Quatre: The Roland Garros Rally
This week I’m Rallying with my colleague here at TENNIS, Pete Bodo. In advance of his upcoming trip to Paris, we talk about the French Open past and present.
This weekend you're heading back to Paris for the French Open again. I know you've been covering the event since the 1970s, so you've seen it change quite a bit. The first time I was there was in 1998, and in the 15 years since, I haven't noticed any great transformation at Roland Garros. There are still the big three arenas, and there are still the tiny, jammed side courts "out in the country."
For fans my age and younger, the French Open has always seemed solidly third, or perhaps second, in line in prestige among the majors, behind Wimbledon and (possibly) the U.S. Open. For us, it's the Australian Open that has upped its game in the last 20 years. Yet in the 70s it was a different story for Roland Garros. its most famous champions—Bjorn Borg and Chris Evert—were willing to skip it to play World Team Tennis, which is unthinkable today. How do you remember those days in Paris, and how do you remember the man who turned it around there, Philippe Chatrier?
Well, that analysis is spot-on. The thing to remember about the French Open is that in many ways it is ultra-conservative or, if you prefer, traditional—perhaps not in the more creative enterprises (there's a reason "avant-garde" is in our vocabulary), but in many other areas of French culture, and its attitude toward some institutions. Thus some of those entities were slow to evolve. That's the case with Roland Garros, which was the last of the four Grand Slam tournaments to accept international players. It was really the "French Closed" for a long portion of its early existence, functioning as national championship in which only natives were allowed to compete. Once the French Open began accepting international players in 1925, it quickly took its place as the world championships of clay.
But the French still retained its distinct flavor, in ways both positive and negative. As the game grew in the new, Open era that began in 1968, the tournament flourished, but it did not grow. The facilities, most of which have since been renovated or replaced, were a charming, ivy-covered, mullion-windowed mess. Players from elsewhere—especially Anglo players—saw the tournament as a kind of novelty. It was a charming interlude and interesting test before the real tennis began on grass. But before I get into the changes and people who transformed the tournament, I'd like your opinion on something: Is there a place in the world for "closed" tournaments? I mean, isn't Barcelona something like the "Spanish Closed" in all but name? Would it grow the game if tennis were, at least some of the time, less rather than more international?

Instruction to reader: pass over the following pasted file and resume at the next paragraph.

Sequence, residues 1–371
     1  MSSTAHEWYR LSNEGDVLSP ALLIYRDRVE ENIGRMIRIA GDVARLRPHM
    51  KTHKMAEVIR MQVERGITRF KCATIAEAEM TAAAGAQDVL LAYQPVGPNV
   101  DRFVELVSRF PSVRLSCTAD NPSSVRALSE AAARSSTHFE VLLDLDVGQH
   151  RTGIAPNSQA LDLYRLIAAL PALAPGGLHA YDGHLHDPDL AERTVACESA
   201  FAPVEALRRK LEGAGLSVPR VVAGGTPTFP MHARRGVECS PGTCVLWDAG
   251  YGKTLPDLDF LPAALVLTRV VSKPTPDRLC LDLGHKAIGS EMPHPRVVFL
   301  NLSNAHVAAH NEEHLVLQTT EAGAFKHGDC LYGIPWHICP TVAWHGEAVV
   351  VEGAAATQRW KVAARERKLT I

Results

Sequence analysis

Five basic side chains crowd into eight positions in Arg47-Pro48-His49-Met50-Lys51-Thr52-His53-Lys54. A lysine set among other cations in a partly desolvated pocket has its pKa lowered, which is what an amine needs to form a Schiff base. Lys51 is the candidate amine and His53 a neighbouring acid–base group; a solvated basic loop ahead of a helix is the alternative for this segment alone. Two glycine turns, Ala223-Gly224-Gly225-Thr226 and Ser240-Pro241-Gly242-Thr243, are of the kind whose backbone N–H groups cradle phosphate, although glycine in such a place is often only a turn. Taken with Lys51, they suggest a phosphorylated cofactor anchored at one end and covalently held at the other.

Closed events—an interesting idea that I don't think I had ever considered. Pro tournaments that would function as national championships, is that the idea? I do think that would work in the U.S., where we no longer see our men, or most of our women, challenge for big international titles. I think if it was built up and hyped properly, it would have prestige with players and fans here. Soon enough, we might even be calling it the "World Series of Tennis."
Thinking about the Anglo-French split in tennis' past that you mentioned, it's interesting how much the Anglo side has faded and the Continental side has grown. A few years ago, I read a history of tennis from the 1960s by British journalist Rex Bellamy in which he talked about what a novelty it was to try to pronounce the names of the Eastern Europeans who would show up out of nowhere at the French Open. The grass game, as you said, was still dominant then, and the best players were Americans and Aussies. Now there are very few of either at the top of the rankings, and the Eastern Europeans are everywhere. Even the modern playing style has shifted to the baseline game that we used to see primarily on clay. So in a sense the sport has moved toward Paris over the decades.
You make a good point about the way the game "has moved toward Paris," and if we want to measure just how much the game has changed, let's get back to Rex Bellamy, that icon among tennis writers. (Maybe we can have a critical discussion about Rex's work during Wimbledon!) I knew Rex; he was a pleasant, kind, very mellow man. He was somewhat famous in our incestuous little set for writing, of tennis at the French Open and on clay in general (and if this isn't the exact quote, it's close enough): "It's rather like watching a dachshund sit up and beg. It's amusing the first few times but then it becomes tedious."